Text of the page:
"The meter is only the beginning. It's the minimal part of smart grid," said Alex Huang, director of a grid technology center at North Carolina State University. With instant communications and monitoring, a smart grid will use technology to change where electricity is generated and how it is distributed.
Instead of power flowing from a small number of sources, down main electronic highways, the smart grid can usher in a system of distributed energy, Huang said. "Electricity will flow from homes and businesses into the grid, neighborhoods will use local power and not just power flowing from a single source," he said. One day, perhaps an electronically controlled automated system will direct power flow.
Technological breakthroughs will be needed to produce the kind of system Huang envisions. But the ability to shove the aging grid into the digital world is here today, say smart grid advocates.
"The hurdles are not technological. They're really policy hurdles," said Michael Jung, director of policy at California-based Silver Spring Networks, one of a number of smart grid technology companies that have emerged in recent years and are working with utilities.
In cities such as Boulder, Colo., Seattle, Houston, Miami, and on the Delaware's Delmarva Peninsula, there are glimpses of what the future grid might look like.
On the University of Colorado campus in Boulder, the chancellor's home has been turned into a smart grid showhouse as part of a citywide demonstration project spearheaded by Xcel Energy.
The home has a laptop-controlled electricity management system that integrates a rooftop solar panel with grid-supplied power and that tracks energy use. It also has equipment to charge a plug-in hybrid electric car. Energy consumption in the 7,000-square-foot home has dropped by nearly one-third.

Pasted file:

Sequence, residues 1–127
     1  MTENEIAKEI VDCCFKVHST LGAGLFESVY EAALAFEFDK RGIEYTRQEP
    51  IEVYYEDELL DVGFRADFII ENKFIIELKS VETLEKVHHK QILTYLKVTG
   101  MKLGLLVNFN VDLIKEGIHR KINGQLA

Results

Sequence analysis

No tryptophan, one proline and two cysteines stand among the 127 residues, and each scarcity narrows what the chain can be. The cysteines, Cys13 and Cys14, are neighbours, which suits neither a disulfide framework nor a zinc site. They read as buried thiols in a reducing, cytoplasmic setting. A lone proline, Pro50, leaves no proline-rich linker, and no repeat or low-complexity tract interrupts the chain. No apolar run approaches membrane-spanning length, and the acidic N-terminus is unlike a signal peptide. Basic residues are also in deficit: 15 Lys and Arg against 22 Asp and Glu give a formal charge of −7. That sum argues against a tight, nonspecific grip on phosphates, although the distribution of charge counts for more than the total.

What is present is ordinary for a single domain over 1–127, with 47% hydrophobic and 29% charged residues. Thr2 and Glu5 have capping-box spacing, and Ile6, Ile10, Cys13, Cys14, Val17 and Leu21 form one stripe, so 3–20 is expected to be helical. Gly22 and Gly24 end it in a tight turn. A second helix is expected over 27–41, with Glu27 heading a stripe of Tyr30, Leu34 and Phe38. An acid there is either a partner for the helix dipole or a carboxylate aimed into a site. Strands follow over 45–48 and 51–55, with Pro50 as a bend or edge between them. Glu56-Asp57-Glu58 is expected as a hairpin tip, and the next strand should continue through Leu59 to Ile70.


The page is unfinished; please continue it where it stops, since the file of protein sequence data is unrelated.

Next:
It's part of an experiment in which Xcel is providing many of the residents of Boulder, a college town of 100,000 people, with smart grid technology. Consumers won't have to pay for the upgrades because Xcel and technology vendors are covering the $100 million cost.
In Seattle, the utility is testing how 13 plug-in hybrid electric cars interact with the power grid, using equipment that can send real-time performance information back to a utility to determine when a vehicle needs to be charged. In the future, utilities remotely may prearrange schedules for charging hundreds of thousands of such vehicles.
Florida Power & Light is planning to provide smart meters covering 1 million homes and businesses in the Miami area over the next two years, hoping the federal economic recovery package will cover half the projected $200 million cost. Pepco Holdings Inc. plans to install 250,000 smart electric meters in Delaware and is seeking state go-ahead to do the same in other Mid-Atlantic states in which it operates.
"We've got about 70 (smart grid) pilots all over the country right now," said Mike Oldak an expert on smart grid at the Edison Electric Institute, which represents investor-owned power companies.
Oldak said utilities see smart grid as a way to meet future electricity needs with fewer additional power plants. His group estimates that $700 billion in new electricity generation will be needed over the next 20 years, but that energy savings through grid modernization can cut that by $200 billion.
David Rouls of the consulting firm Accenture, which is involved in smart grid projects in the United States and Europe, says he doubts there is a utility that hasn't had a smart meter vendor try to sell them on a pilot project. "Everyone is doing something with this right now. Boards of directors want to understand from their CEOs what is your strategy to address this," Rouls said.
Center Point Energy, which serves 2.2 million customers in the metropolitan Houston area, expects to spend $1 billion over the next five years on smart grid. The company hopes it eventually will pay for itself in efficiency savings - both in how it ships power and how people use it.
The utility has about 20,000 smart meters installed and plans to have all its customers covered by 2015. Houston area residential customers will see an additional $3.24 a month on their electric bills. But Center Point says that should be more than offset by energy savings as people begin to get real-time information about their electricity costs and adjust their energy use.